Transportation dominates discussionPublished 9:34pm Wednesday, November 28, 2012
Transportation dominated the conversation during the legislative dinner hosted by Suffolk City Council for members of the city’s General Assembly delegation Tuesday.
The event at Sleepy Hole’s Obici House was attended by four of the city’s legislators, as well as assistants for a couple others. Topics varied from enterprise zones to uranium mining, but the ever-present problem of how to fund the state’s transportation needs took up the majority of the evening.
“The situation continues to deteriorate,” city intergovernmental affairs and special projects manager Sherry Hunt said during a presentation at the dinner. “There’s a cost of doing nothing.”
Current projections indicate that the state will be unable to fully match federal funds or construct new roads in only five years. The Urban Crescent Coalition, a group of localities in Hampton Roads, the Richmond area and Northern Virginia, have proposed possible solutions such as increasing the gas tax, the sales tax on vehicle purchases, the general sales tax and vehicle registration fees, as well as tolls.
Delegate Chris Jones (R-76th) acknowledged the situation is dire, especially on the Midtown and Downtown tunnels between Norfolk and Portsmouth, which have been taken over by a private entity that plans to begin tolling them, costing regular commuters about $1,000 yearly.
“We have been punished for our inaction on the Midtown/Downtown, and we need to make sure that doesn’t happen again,” Jones said.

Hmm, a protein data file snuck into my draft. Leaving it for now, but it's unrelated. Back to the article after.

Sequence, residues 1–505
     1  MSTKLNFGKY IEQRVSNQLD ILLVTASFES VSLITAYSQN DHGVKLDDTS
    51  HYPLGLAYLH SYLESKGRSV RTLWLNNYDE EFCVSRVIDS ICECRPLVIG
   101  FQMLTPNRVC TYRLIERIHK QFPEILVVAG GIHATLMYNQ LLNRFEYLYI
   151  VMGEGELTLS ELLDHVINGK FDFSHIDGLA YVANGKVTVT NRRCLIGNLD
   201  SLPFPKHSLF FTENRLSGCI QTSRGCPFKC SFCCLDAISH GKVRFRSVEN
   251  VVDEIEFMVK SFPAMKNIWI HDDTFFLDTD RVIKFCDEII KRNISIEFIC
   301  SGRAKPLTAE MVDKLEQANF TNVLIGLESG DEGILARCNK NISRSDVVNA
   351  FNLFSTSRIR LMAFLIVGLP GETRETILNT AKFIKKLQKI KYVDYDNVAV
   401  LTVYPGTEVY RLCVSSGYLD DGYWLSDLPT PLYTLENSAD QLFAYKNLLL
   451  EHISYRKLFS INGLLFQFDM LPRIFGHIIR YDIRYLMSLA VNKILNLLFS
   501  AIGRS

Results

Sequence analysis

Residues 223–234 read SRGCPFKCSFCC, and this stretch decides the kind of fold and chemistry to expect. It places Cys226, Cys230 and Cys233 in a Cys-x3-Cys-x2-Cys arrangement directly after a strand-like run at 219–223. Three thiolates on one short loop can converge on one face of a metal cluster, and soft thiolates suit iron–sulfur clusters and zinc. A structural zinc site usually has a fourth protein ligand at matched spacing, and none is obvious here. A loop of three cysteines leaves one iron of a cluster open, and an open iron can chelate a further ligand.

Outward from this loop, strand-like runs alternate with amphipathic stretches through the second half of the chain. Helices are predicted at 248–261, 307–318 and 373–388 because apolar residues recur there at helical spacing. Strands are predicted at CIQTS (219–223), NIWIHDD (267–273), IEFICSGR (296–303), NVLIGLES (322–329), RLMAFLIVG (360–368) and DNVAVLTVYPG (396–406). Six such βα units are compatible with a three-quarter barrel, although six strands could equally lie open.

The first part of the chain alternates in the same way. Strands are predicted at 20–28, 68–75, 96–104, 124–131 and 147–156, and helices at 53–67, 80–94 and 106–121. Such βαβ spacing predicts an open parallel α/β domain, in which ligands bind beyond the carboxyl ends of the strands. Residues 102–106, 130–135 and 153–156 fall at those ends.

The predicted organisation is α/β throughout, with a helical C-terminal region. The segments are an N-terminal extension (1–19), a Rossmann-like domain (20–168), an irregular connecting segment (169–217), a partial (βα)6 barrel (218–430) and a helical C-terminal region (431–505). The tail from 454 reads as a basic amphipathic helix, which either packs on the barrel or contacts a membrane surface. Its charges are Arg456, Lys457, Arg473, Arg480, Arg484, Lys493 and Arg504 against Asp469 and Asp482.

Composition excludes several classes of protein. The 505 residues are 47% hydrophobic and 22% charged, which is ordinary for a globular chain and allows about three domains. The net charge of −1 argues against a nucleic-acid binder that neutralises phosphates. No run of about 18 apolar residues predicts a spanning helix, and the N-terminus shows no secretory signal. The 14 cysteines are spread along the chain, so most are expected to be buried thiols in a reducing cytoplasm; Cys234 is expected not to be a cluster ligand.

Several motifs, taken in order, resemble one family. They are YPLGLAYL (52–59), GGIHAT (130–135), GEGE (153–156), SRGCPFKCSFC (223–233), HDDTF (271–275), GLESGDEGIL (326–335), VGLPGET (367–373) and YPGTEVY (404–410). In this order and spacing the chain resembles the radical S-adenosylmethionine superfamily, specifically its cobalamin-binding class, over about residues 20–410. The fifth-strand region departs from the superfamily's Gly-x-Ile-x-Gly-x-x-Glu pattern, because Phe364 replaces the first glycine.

He said he plans to help work on a fix for transportation this year. He ruled out only one possible factor.
“One thing I’m not in favor of is having a referendum. We should solve the problem,” he said, adding later, “People just aren’t going to vote to raise their taxes.”
Jones also criticized the Public-Private Transportation Act, under which the tolling situation at the tunnels was created. A new Route 460 project also is in the works and also will include tolls.
“The PPTA process is flawed,” he said, adding that some bills are in the works to fix it.
Whatever the eventual solution, Jones said, it needs to be a real fix, not just something that “gives the illusion” of an answer.
Delegate Matthew James (D-80th) said he is not in favor of tolls.
“You’re taking money of out their pocket,” he said. “I think we need to look at putting the genie back in the bottle.”
Delegate Lionell Spruill (D-77) said the real solution to Hampton Roads’ transportation woes will come when the region begins presenting a united front at the General Assembly, deciding on regional priorities and then pursuing funding for them together.
Sen. John Miller (D-1st) agreed, saying the region has begun to figure that out in recent years.
“We’re now speaking with more of one voice than we were,” he said.
On another topic, legislators presented possible objections to a change Suffolk wants to see in the way eligibility is determined for enterprise zones.
The zones encourage companies to locate in low-income areas, therefore providing jobs, through tax credits and similar incentives. Suffolk used to participate in the program but lost its zone in 2009, when it was deemed no longer eligible because income levels had risen across the city.
“We’re growing as a city, but there are still areas in this city that could benefit from the tools in the enterprise zone program,” Hunt said.
The city is proposing eligibility be determined by individual census tracts. Some legislators worried doing so would create many new enterprise zones.
“Those tax credits are real money,” Jones said. “If you had everyone doing it, you would have a lot more tax credits going out.”
But Hunt said the city is not asking for an increase in the number of zones approved each year — only “an even playing field.”
“Not only is it an economic tool, this is a tool to get rid of blight,” Councilman Charles Parr said. “If you narrow it down to the census tracts, you’re getting where the problem is.”
Council members and legislators alike agreed the evening was productive.
“I think we’re all committed to working together,” Mayor Linda T. Johnson said.